Help to curb road trauma

BENDIGO police are embracing a new campaign encouraging the community to take ownership of its role in reducing road trauma. 

Police turn to community as part of enforcement campaign

It's a campaign we're going to embrace and we will target people doing the wrong thing. - Dale Simm

Assistant Commissioner Robert Hill this week launched the “Road To Zero – it starts with you” campaign which aims to unite the community to work together to achieve a long-term vision of zero deaths and zero serious injuries on Victorian roads. 

The campaign has been inspired by real people whose lives have been turned upside down by road trauma - a mother grieving over the loss of her teenage son, a wheelchair-bound husband still tortured by emotional scars and an emergency services volunteer traumatised after scraping a motorcyclist’s remains off the road.

Acting Senior Sergeant Dale Simm from Bendigo's highway patrol has his fingers-crossed the human element of the campaign would get people to slow down and take care on our roads.

"It's a campaign we're going to embrace and we will target people doing the wrong thing," he said.

"It's all tying in with different road traumas we've had this year."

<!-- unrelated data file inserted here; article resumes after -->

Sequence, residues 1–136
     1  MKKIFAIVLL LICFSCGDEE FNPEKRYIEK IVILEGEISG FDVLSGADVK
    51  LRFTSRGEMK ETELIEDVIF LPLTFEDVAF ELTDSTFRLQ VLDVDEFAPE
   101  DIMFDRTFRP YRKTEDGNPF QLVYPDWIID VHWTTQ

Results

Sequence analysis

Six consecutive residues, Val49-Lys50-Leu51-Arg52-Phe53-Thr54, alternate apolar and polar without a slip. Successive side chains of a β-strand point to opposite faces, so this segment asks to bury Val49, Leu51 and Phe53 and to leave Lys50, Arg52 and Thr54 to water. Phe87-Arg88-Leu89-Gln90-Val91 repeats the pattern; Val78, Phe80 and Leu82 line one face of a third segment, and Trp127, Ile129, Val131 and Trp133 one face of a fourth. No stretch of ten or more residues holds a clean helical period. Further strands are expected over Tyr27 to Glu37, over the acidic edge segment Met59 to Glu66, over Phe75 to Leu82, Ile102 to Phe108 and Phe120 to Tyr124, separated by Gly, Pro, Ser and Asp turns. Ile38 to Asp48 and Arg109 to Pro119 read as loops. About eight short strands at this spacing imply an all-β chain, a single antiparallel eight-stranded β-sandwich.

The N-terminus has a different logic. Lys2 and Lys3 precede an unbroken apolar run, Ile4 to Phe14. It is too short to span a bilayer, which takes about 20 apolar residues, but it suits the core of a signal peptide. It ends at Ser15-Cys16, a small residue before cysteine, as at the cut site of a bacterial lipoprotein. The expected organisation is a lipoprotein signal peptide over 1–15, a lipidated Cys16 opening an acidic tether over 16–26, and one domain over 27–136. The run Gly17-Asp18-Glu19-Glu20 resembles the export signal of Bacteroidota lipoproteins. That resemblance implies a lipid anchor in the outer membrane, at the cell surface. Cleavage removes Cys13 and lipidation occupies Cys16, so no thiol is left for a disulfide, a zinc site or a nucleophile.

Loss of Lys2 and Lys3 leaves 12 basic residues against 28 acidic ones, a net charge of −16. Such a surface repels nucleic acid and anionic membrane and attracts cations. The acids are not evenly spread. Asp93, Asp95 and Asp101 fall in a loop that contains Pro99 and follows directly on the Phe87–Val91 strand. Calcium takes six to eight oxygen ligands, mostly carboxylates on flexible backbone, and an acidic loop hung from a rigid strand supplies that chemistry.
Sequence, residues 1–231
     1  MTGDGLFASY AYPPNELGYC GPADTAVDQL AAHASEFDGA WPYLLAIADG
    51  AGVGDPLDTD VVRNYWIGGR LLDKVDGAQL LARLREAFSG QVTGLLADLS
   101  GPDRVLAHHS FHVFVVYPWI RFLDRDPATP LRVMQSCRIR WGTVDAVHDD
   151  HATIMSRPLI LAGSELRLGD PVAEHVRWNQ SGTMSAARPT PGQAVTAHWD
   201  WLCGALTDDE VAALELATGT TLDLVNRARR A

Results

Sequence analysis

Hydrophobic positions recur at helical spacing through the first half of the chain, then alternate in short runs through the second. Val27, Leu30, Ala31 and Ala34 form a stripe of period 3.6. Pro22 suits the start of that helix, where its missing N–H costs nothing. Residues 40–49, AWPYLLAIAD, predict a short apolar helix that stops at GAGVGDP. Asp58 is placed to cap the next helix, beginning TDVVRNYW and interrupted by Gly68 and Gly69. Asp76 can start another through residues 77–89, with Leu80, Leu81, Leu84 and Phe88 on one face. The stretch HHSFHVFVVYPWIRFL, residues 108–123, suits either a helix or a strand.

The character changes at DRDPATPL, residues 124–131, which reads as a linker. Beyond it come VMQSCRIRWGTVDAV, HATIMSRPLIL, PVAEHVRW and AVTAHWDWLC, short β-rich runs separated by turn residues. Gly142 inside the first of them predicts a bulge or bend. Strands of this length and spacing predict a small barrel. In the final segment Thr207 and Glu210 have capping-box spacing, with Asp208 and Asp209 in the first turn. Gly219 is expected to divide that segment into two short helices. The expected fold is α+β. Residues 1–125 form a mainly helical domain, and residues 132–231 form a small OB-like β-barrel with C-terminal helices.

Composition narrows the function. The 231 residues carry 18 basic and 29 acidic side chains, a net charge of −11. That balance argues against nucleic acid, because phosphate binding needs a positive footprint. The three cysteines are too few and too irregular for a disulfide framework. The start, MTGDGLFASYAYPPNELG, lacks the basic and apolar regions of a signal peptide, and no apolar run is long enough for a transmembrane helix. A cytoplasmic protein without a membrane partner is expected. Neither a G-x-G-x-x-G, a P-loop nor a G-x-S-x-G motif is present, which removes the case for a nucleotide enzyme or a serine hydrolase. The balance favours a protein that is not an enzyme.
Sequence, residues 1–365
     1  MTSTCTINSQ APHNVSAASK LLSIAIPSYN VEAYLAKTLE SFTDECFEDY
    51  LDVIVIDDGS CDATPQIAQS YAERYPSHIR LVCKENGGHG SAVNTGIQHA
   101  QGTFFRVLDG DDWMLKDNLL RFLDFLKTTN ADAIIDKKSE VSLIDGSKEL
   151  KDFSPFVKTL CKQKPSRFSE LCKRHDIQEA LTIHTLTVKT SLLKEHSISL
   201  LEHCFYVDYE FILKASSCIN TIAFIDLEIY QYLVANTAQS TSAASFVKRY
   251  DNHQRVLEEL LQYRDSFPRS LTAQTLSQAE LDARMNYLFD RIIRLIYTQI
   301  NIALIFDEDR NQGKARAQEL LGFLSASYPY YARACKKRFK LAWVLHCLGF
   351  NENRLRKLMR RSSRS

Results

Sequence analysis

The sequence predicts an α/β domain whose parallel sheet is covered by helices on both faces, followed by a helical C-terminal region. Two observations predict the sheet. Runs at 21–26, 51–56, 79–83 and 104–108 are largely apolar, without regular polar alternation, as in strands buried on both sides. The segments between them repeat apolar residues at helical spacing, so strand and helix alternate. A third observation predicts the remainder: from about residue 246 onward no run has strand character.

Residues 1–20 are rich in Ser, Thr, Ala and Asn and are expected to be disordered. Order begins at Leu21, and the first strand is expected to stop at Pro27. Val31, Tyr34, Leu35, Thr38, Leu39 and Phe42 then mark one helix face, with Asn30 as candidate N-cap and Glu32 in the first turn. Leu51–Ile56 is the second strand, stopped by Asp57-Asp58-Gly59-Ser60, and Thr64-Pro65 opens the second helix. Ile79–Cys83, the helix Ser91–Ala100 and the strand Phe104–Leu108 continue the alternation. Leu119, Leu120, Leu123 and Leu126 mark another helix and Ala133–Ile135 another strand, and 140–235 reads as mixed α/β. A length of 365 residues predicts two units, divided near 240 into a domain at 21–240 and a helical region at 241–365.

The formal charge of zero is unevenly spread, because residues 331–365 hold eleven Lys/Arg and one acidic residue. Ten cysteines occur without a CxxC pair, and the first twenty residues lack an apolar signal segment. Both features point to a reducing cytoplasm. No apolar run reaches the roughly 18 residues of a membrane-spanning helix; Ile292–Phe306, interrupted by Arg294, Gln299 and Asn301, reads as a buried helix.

Acting Senior Sergeant  Simm said everyone had a part to play in preventing road trauma.

"We can't do it alone," he said.

"It's up to everyone to take control of it.

"You might know someone who's a bit of a drink-driver who takes the back road or someone who texts while driving.

"So it's about saying to them hey maybe you should turn your phone off or put it in the boot.

"People think it won't happen to them but it does happen.

"It might be that someone else who hits you."

Last year more than 5500 people were seriously injured following collisions. 

In the first four weeks of this year alone, at least 447 people began the long road to recovery after being seriously injured on our roads. 

Assistant Commissioner Road Policing Command Robert Hill said the survivors were not often talked about. 

“Road trauma is not just about the people who die – it’s about the enormous impact on the community,” he said. 

“These people are not just anonymous names in the paper, they are not a statistic – they are our neighbours, our friends, they are all of us."

During the next three months police will saturate the state during a number of large-scale operations. 

People can support to the campaign by posting their ideas and sharing their stories through twitter pages using the hashtag #roadtozero. 

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